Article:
Longtime Texas coach Darrell Royal died Nov. 7 after a battle with Alzheimer's disease.
Royal, who was from Hollis and played at Oklahoma, led the Longhorns to three national titles and 11 Southwest Conference titles.
After switching to the Wishbone offense, Texas rattled off 30 straight victories beginning in 1969.
Royal also helped opposing coaches such as Barry Switzer and Bear Bryant implement the offense.
The Oklahoman has compiled quotes and reflection from the legendary coach.
I was so poor that I had a tumbleweed as a pet.
I never looked at athletics as a way out, but it did become apparent that athletics could get me into college. And maybe after that, get me a job as a high school coach in Oklahoma.
There's an old saying. You dance with who brung ya.
I've always felt that three things can happen to you whenever you throw the football, and two of them are bad.
He (Bryant) had helped me when I was young and in coaching. And he'd put in a kind word for me here and there. He helped me, so it was only natural that I'd help him.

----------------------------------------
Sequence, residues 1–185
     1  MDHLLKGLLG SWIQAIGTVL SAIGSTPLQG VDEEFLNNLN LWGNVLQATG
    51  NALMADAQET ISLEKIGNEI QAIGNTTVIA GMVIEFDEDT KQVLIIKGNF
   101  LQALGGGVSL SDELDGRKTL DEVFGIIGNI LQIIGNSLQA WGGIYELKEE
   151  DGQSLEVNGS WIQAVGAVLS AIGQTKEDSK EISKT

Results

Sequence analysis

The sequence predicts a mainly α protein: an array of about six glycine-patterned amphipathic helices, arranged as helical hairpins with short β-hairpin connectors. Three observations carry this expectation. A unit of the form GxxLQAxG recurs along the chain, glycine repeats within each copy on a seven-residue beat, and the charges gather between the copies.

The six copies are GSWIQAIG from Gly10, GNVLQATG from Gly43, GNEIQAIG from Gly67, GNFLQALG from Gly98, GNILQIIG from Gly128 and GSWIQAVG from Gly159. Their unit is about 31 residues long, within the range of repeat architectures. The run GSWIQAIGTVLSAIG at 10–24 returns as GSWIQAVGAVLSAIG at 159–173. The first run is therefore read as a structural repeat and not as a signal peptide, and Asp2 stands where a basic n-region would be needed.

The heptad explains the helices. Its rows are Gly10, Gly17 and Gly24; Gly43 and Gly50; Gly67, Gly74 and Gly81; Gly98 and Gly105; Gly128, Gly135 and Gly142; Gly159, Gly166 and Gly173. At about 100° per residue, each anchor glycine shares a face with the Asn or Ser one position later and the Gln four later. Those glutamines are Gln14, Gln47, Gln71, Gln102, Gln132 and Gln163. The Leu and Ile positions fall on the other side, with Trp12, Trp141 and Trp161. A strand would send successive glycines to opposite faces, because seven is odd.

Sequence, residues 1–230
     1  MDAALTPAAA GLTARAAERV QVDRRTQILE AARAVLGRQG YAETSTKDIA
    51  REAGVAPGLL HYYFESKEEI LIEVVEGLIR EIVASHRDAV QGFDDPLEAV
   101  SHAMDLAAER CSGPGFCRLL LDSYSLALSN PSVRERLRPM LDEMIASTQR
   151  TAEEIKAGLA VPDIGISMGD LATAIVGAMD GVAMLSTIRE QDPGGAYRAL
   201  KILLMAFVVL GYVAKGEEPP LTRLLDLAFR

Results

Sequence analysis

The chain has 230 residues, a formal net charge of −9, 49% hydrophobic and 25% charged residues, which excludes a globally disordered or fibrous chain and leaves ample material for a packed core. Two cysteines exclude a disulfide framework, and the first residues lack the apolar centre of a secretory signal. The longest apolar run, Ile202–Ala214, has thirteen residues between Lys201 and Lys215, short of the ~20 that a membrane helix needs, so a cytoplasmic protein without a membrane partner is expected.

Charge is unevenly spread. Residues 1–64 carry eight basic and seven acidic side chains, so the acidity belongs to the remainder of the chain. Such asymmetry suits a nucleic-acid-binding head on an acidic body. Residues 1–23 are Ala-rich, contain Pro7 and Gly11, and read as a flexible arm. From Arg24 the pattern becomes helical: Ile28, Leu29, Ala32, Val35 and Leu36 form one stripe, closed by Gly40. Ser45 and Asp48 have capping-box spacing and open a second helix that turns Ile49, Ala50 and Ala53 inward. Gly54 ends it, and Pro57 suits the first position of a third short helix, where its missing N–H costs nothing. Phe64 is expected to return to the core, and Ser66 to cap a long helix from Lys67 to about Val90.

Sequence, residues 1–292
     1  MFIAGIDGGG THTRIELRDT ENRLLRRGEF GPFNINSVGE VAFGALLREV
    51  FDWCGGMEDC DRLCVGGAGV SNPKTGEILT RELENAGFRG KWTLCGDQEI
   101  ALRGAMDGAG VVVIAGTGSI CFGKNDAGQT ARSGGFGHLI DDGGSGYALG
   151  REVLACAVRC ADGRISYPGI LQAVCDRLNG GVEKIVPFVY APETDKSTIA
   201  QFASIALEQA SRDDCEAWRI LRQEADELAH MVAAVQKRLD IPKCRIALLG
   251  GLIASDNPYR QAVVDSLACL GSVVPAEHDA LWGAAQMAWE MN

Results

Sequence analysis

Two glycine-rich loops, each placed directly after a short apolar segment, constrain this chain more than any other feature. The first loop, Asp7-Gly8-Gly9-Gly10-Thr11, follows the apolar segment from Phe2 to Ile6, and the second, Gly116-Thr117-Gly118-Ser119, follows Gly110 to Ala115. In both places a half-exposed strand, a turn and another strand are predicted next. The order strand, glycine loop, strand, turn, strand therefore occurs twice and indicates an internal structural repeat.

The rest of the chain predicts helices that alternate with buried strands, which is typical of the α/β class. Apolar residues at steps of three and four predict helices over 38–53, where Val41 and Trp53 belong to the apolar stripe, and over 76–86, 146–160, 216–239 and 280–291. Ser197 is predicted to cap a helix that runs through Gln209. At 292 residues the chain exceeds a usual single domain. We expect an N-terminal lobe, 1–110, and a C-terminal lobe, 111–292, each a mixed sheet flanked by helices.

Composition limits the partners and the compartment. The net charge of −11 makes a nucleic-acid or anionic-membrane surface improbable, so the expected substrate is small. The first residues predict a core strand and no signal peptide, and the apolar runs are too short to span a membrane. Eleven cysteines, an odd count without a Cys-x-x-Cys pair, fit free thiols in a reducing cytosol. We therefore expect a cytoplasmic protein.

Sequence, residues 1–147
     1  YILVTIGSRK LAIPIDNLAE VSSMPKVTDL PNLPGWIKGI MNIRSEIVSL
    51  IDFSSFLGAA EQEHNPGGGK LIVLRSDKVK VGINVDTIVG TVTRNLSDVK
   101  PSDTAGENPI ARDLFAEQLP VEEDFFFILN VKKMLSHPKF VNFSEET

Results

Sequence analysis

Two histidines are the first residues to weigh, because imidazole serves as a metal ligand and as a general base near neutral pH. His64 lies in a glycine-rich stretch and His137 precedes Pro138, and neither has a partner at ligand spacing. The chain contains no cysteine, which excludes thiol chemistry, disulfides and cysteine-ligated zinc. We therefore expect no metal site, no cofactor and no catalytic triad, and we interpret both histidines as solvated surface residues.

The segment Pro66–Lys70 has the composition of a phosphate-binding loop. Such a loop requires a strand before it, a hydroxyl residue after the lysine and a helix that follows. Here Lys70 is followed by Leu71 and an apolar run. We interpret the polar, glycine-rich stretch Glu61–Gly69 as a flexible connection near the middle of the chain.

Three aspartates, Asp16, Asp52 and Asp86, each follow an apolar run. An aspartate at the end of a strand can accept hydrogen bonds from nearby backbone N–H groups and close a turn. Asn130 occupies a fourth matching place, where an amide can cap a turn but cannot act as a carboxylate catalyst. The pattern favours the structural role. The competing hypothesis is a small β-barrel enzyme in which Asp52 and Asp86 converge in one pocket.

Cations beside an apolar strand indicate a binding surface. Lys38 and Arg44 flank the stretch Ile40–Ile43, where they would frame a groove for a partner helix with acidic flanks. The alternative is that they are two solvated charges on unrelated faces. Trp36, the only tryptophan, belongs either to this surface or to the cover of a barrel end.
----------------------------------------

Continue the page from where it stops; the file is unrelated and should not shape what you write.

I had black players in Canada, I had black players at the University of Washington. You know, it has never made one bit of difference to me what somebody's color is. You want the best players you can get. Once you recruit and get them, they're yours, and you just play the best.
Luck is what happens when preparation meets opportunity.
Ol' ugly is better than ol' nothing.
Winning coaches must treat mistakes like copperheads in the bedclothes — avoid them with all the energy you can muster.
The best thing a coach can hope for is to please the majority. And the only way to please the majority is to win.
It got so that I wasn't elated when I won a game, I was just relieved. And if we were defeated, it just took me forever to get over it.
I never changed my attitude toward the coaching part. I would still enjoy that. But I never liked all the controversies. Recruiting was out of hand, there just didn't seem any way to control it. And part of it was that at the time I was protesting the loudest, we weren't winning real big. I thought I sounded like a crybaby. There were just so many problems I didn't seem to be able to do much about.
I'm glad I got out when I did. That's a decision I've never regretted. I wanted out while Edith and I still had some good years left to really enjoy life. I feel fortunate. Now, if only the price of oil would go back up ...
Will Rogers never met Barry Switzer.